Mondello Beach, Palermo

Mondello Beach

During the warmer months of the year, one of the best places to enjoy a refreshing escape is Mondello Beach. Just minutes north of Palermo, easily accessed by public transport from the city center if you don’t have a car, it’s a sublime place for relaxation and enjoying a dip in the crystal-clear waters of the Mediterranean. This beautiful beach with its powdery soft golden sands is a favorite and as the temperature rarely falls below 75 degrees, it’s swimmable much of the year. It’s a great place to simply soak up the sun and enjoy the spectacular mountain backdrop or build a sandcastle. There are many loungers and umbrellas, so even when it’s crowded it’s usually easy to find a spot. At the heart of the beach, you’ll find a pier which is a great place to stroll and enjoy dining or a drink with a restaurant and bar here. 

Fontana Pretoria, Palermo

Fontana Pretoria

Fontana Pretoria is located at Piazza Pretoria, just steps from the intersection where all four ancient quarters intersect known as Quattro Canti. The square was often referred to as the “Square of Shame” due to its nude statues. In fact, legend tells that nuns from a convent nearby used to run out every morning and cover them with clothes. More likely it was nicknamed as such because the center of government was seen as the center of corruption. There are a dozen statues, all are magnificent and incredibly detailed, while the fountain itself was built in 1554 by an architect from Florence who eventually sold it to relieve his significant debt. It arrived to Palermo 20 years later with the marble statues featuring Olympians from ancient Greek mythology, including Zeus, Poseidon, Apollo, and Aires. Others represent animals and rivers in Palermo. All are opulently decorated and frame the centerpiece perfectly.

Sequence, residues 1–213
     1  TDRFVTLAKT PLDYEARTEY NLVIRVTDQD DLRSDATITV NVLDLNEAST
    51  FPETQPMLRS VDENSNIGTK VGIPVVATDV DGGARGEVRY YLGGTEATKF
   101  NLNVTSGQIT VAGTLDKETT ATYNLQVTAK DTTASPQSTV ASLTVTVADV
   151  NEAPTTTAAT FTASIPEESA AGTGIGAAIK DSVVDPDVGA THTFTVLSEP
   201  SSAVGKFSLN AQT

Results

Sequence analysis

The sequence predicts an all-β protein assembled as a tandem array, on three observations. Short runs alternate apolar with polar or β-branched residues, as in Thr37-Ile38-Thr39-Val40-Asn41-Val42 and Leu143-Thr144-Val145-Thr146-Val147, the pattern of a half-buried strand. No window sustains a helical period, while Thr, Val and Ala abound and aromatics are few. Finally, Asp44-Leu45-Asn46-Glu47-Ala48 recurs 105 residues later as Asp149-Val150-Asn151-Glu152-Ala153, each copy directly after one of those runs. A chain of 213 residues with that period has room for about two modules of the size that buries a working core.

Vucciria Food Market, Palermo

Food Markets

One of the best ways to get to know a city is through its flavors. The food markets offer the chance to do just that while sampling daily local life. There are several great options that operate daily, with the main markets right in the center of the city, including Vucciria, Cap, and Ballaro. It’s a feast for the senses with everything from baked goods like pastries and cakes to fresh fruits and vegetables. You might haggle for a good price alongside locals at Ballaro before trying some of the delicious Sicilian street food like authentic arancini, a rich deep-fried, savory ball of risotto, or a cream-stuffed cannoli if you’re in the mood for something sweet. There are food tours that can bring you here as well, combining it with a walk through the ancient streets of the city to stop at some of the top spots for sampling the traditional Sicilian fare.

Sicilian Wine Tasting

Wine Tasting

If you want to try some of the best of Sicily’s wine, take a guided tour so you don’t have to worry about getting behind the wheel. It’s a treat for the taste buds and there are multiple options that can provide a gourmet tasting experience in Palermo. You might explore several wineries in the area like Porta del Vento in Camporeale where you can stroll around the estate and learn more about the winemaking process before sitting down for a tasting alongside local products. Or, combine sightseeing by visiting some of the old’s city’s most monumental areas followed by a tasting led by an expert guide in a famous wine bar. Sicilian wine has been winning markets worldwide and tastings typically include five or six different types that are most representative of the main local varieties, such as Catarratto and Nero d’Avola, complemented by high-quality Sicilian cheeses.